There are frequently different approaches to the same problem. In engineering, we frequently see different approaches, due to the time of training, place, history, or whatever. Friction in soils, for example, relative to the shear stress, may be expressed as a change in friction angle or as an absolute ratio. The numbers to get the same effect are not the same.
In cohesionless soils, a change in friction angle is more traditional, but when it comes to soil acting on a surface, it is easier to understand and work with a absolute number. This absolute term of reference make life easier, but more confusing to those who training has only included friction as a change in angle.
Neither is more correct than the other, as long as one is used, and the meaning is clear. Using alpha or delta is not clear, as the nomenclature changes textbook to textbook.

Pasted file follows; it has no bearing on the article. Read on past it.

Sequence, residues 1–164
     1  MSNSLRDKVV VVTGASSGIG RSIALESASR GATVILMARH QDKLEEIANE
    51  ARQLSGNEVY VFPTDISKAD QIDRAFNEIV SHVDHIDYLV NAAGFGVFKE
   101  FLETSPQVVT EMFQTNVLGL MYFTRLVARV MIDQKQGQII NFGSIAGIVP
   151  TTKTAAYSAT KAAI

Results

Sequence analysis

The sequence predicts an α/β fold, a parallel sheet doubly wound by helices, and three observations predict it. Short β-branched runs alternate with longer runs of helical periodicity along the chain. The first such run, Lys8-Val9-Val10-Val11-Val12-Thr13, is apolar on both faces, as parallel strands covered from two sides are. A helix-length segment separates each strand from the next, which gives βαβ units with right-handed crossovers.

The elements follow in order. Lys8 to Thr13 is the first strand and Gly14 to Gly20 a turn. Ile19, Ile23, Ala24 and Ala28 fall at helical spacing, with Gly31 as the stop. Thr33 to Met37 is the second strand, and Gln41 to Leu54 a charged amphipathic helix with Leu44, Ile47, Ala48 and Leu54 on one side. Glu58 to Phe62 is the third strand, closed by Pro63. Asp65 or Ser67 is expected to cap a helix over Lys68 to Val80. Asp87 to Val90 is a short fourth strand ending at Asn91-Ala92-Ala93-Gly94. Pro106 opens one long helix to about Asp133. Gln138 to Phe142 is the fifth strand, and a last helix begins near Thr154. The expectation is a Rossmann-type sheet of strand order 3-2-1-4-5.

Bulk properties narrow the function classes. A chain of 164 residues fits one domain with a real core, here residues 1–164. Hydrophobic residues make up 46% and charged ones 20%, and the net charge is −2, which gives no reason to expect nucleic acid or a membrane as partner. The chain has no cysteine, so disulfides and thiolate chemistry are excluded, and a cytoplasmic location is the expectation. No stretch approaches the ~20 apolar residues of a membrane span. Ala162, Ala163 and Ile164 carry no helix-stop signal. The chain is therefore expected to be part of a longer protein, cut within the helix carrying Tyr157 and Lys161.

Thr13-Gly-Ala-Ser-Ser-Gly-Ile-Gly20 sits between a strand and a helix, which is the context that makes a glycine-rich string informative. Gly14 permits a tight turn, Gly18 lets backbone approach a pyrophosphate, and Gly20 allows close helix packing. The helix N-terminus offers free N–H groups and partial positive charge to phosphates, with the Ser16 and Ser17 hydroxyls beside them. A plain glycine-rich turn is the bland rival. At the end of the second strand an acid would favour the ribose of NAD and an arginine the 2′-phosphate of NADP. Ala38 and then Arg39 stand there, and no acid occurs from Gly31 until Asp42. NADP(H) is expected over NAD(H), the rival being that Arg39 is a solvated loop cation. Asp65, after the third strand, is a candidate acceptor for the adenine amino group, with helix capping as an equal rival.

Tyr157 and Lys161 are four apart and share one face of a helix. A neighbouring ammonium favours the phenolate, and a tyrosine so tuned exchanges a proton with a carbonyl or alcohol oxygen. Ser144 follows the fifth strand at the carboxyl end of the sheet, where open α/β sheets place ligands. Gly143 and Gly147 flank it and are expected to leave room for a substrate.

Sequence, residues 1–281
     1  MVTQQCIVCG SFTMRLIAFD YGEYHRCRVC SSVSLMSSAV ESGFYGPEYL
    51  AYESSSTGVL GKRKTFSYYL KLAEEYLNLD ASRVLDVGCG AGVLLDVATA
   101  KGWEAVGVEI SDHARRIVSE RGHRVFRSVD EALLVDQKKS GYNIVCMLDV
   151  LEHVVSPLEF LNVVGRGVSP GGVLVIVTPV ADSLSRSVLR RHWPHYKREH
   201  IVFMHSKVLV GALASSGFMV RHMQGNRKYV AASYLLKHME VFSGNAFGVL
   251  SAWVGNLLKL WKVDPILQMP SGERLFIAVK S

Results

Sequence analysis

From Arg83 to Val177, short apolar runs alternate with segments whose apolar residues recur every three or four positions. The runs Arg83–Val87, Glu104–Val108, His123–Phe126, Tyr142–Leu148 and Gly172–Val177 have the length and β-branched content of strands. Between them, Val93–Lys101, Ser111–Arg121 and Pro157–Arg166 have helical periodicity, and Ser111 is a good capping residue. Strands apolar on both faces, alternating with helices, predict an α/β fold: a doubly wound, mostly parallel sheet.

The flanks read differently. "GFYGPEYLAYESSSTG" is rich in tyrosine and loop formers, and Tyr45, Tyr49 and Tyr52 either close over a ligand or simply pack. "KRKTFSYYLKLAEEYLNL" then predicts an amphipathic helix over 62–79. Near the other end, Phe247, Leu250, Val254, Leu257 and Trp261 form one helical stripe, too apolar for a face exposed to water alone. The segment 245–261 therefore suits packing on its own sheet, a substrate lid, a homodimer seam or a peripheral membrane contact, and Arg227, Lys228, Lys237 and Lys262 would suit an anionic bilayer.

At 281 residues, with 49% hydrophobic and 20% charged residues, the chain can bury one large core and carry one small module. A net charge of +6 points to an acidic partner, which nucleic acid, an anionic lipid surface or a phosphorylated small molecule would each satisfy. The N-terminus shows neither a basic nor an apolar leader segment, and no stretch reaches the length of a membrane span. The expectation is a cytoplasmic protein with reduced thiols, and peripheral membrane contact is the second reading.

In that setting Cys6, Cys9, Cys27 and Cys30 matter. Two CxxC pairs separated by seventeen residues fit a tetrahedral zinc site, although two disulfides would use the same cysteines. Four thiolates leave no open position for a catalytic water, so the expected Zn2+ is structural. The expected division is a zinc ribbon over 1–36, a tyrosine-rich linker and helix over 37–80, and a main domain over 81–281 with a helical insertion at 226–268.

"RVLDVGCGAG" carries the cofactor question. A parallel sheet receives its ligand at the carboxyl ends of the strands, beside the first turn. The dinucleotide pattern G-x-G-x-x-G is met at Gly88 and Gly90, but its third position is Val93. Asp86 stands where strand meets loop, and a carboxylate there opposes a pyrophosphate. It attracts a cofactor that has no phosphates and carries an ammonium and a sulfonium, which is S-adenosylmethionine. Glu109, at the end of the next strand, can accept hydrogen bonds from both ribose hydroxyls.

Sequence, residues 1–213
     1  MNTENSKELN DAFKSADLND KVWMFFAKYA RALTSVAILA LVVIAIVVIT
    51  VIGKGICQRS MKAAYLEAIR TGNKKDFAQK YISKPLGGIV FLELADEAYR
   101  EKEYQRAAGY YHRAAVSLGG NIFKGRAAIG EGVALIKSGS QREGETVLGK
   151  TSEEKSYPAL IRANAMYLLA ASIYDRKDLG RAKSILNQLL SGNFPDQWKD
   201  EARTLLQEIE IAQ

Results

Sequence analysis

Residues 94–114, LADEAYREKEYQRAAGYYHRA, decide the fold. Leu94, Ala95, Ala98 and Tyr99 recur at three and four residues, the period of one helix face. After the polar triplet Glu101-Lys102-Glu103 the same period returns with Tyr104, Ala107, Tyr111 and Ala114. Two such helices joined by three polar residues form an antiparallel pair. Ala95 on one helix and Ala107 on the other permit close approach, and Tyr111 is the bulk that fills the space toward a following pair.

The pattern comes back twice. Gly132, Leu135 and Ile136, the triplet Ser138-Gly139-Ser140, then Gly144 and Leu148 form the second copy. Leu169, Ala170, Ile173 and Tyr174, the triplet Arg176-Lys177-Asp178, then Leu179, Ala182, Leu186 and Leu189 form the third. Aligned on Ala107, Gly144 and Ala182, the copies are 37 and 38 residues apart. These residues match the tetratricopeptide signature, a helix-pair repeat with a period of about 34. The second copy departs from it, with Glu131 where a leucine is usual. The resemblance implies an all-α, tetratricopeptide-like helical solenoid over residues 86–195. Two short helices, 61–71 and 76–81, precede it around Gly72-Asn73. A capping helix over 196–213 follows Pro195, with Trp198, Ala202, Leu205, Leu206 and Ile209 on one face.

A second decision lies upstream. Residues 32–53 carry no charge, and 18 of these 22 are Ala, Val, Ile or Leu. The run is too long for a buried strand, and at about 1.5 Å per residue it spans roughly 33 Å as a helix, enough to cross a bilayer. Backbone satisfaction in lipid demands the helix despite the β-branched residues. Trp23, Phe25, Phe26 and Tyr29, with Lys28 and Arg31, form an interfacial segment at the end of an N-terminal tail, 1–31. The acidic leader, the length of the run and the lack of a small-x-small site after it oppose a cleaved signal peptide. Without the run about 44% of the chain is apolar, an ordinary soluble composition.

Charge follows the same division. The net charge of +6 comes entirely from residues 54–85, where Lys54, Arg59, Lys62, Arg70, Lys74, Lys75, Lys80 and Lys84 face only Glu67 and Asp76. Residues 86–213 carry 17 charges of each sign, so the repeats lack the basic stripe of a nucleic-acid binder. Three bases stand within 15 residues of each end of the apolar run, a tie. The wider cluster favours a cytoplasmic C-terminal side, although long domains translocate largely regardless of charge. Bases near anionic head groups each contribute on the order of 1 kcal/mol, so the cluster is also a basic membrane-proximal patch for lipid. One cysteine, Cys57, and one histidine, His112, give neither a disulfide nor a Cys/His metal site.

The problem with university is there is too much to learn in the allotted time. Additional time would and is just filled with the professors choice of material. It takes time to absorb and learn to the point of understanding, and there is just to much material in some fields. Specialization is forced on us, even if we know a bit about many subjects.
Some of us have worked our entire lives around the field we wanted to be in, only occasionally doing the sort of projects we really wanted to do. We were forced to learn more and more around our chosen field, until we find we are generalists, no expertise in any one subfield, but generalist in the area, doing the work, and having opinions on the various methods. These opinions put us at odds with the academics.
Oh well, life goes on. We are all just learning. It is the first time through life.